Minute Meditations

Clare and Francis

Tau Cross

Many metaphors have been employed to paint the picture of the relationship between Francis and Clare of Assisi. Clare, having once used the phrase “a little plant” to describe her rapport with Francis, unwittingly contributed to maintaining the image of a passive woman totally dependent on the male leader and teacher for her identity. (The “little plant” description actually indicated that the monastery of San Damiano was a small foundation created by the larger enterprise of Francis when his order was still young, and its forms were fluid and open to innovation. The phrase was commonly used to describe Benedictine “daughter” monasteries founded by a larger abbey.) Years of study influenced by feminist scholarship and diligent work on sources from that period have allowed Clare’s person to emerge with clearer lines, with far more depth than previously imagined. Still, the desire to find the precise category for the friendship of these two saints continues to haunt us. Father-daughter, brother-sister, master-disciple, soul friend, spiritual lover, actual lover—these descriptions have currency in many narratives and dramatic portraits. What they shared was the mysterious and generous outpouring of God’s Holy Spirit granting each a profound desire to live the teachings of Jesus without compromise. It is not easy to grasp this inner core of invisible grace. Yet, we keep trying to do just that.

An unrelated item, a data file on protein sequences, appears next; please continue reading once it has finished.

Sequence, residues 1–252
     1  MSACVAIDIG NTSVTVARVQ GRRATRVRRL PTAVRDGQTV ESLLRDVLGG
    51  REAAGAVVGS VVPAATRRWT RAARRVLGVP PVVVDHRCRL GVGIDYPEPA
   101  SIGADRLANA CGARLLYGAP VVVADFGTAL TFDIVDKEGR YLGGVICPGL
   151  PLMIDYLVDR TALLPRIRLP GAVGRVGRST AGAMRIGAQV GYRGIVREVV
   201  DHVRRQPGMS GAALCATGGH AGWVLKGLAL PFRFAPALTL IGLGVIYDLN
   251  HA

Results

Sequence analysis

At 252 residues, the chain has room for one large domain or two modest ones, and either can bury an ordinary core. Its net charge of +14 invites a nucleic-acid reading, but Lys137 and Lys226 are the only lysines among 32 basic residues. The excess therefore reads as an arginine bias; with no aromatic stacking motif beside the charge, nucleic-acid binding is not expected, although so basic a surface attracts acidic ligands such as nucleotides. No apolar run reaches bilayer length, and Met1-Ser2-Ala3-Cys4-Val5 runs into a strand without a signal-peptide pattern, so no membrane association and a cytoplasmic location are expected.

—from the book Light of Assisi: The Story of Saint Clare
by Margaret Carney, OSF

Light of Assisi: The Story of Saint Clare Minute Meditations


2 thoughts on “Clare and Francis”

  1. Lord Jesus Christ, we profess and believe that you are the Christ, the Son of the living God. You are our Lord and our Savior who has set us free from sin and deception. Make our faith strong like the Apostles St. Peter and St. Paul and give us boldness to speak of you to others that they may come to know you as Lord and Savior. Amen.

  2. Clare was a member of the nobility, an educated woman of the Middle Ages. But she did not let that define her. She saw in Francis a model of the freedom that comes from a life of voluntary poverty. She then wrote her own Rule of Life and, like Francis, remained true to her calling. She encourages the women of today to find their own path, their own inner wisdom and to remain true to themselves and to the Gospel.

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